Emergency First Aid for Cholla Removal
In case you currently have a piece of cholla stuck in your body, let me jump straight to the most urgent information.
Easy steps for emergency cholla removal:
- Find a large comb or two rocks bigger than your hands
- Choose a safe direction to fling the cholla
- Place to comb or rocks between cholla and body
- Apply pressure outward
And the lesson…carry a large comb when you think you might encounter cholla.
Monsoon Soon! Desert Hikes will Abound
The monsoon season is right around the corner for the Arizona deserts, and Penny, my (9 year old) puppy, and I are growing very excited. She loves coming out on adventures with me. She get’s to stick her head in holes and smell all the things the world has to offer; and I get to take pictures of it all. We both have some much stimulus to take in!
But in many places throughout the Sonoran Desert, cholla cactus can be found, and they are nasty little buggers. So I take extra special care to keep Penny from getting stuck, especially in her paws.
Puppy Respects the Dangers of the Desert
Penny is a very purposeful mover. She is not spastic, she moves herself carefully and deliberately. Penny recognizes the danger of cactus, and is able to step around it to avoid getting stabbed. Here she has found a spot among a field prickly pear cactus, and the smile on her face indicates no sign of concern.
At least that’s the case with most species of cactus we encounter. The problem with the cholla is that it doesn’t matter how carefully she steps around it, that stuff is like a magnet.
What’s Cholla Precious?
Cholla, (latin name Cylindropuntia Fulgida ) is a species of cactus that we have in abundance in the Sonoran Desert, where I live. A cholla consists of many small, spike-covered sections, called tubercles. These sections easily break off, reroot and begin to grow as a new plant.
The static charge from the fur of a passing animal can easily dislodge pieces and carry it away from the host plant. Because contact is not necessary for the piece to separate from the plant and stick to your leg, this plant has been nicknamed “Jumping Cholla.” And once its on you, it is difficult to remove because there is no where to grab it that isn’t covered in the same needles you’re trying to remove.
First Aid Experiences with Puppy and Cholla
Penny has been stuck with cholla in her paws a couple times. She’ll get a piece in her paw and try to remove it with her mouth. So instead of removing it from her paw, she sticks her mouth. I’ve tried before to remove them from her mouth while still on the trail, but it is very tough to hold her still, open her mouth, hold a flash light, and work the tweezers.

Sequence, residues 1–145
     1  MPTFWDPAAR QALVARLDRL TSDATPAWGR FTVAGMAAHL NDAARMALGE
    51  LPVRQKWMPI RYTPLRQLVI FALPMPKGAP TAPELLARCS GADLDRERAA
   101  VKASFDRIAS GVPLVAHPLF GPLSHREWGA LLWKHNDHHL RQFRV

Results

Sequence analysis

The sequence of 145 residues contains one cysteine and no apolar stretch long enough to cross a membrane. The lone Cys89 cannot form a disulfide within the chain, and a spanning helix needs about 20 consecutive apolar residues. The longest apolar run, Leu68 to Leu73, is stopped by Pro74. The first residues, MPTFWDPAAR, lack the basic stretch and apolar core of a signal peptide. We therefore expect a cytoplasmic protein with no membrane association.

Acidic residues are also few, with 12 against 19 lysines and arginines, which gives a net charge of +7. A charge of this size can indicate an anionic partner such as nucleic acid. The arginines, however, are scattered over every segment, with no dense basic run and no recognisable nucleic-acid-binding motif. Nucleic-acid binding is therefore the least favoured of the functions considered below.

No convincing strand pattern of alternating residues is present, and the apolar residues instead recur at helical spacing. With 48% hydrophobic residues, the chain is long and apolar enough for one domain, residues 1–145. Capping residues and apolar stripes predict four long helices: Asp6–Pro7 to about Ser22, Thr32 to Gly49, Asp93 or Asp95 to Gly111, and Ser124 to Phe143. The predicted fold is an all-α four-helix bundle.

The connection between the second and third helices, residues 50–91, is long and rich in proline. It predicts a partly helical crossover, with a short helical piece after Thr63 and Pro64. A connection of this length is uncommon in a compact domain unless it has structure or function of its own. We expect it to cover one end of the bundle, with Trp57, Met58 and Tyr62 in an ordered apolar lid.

So I need to call the shoot finished and rush home so my wife and I can work together to remove the stickers with tweezers. One of us will hold Penny, pet and comfort her and try to keep her calm, while the other holds her mouth open and tries to remove the needles from the back of her throat while she tries to close her mouth and turn her head away. We usually take turns in each role. It’s a very long and difficult process, and it distresses us to see Penny in pain. Eventually, though, we are able to remove all the thorns, which makes Penny a very happy puppy.
So, instead of ending the trip immediately and going through that whole ordeal, I can just carry a comb and quickly remove the cholla from her paw before she has a chance to (ineffectively) remove it herself. We can continue on our way, me capturing more images and her smelling all the smells.
How Do I Safely Remove Cholla from my Body?
An important step in keeping us both safe from cholla is prevention. I try to avoid going into areas where there are many cholla to begin with. The second line of defense is protective clothing. Wearing a good pair of boots and thick pants can help any stray pieces you pick up from penetrating into your body. And for the pupper there are hiking boots to protect her feet, and her thick fur keeps the barbs from penetrating her skin.
If one of us is unfortunate enough to get stuck, the piece of first aid equipment that I find essential is a comb. Carrying a comb allows me to remove cholla from myself and my dog quickly and safely. I run the comb teeth between the needles and flick the danger spikes in a safe direction.
I’d Love to Hear Your Feedback
What did you think of my story? Have you had any experiences with cholla? Have you seen some other dangers of the desert I need to beware of? (snake, and scorpions and flash-floods, oh my!) Tell me your stories them in the comments!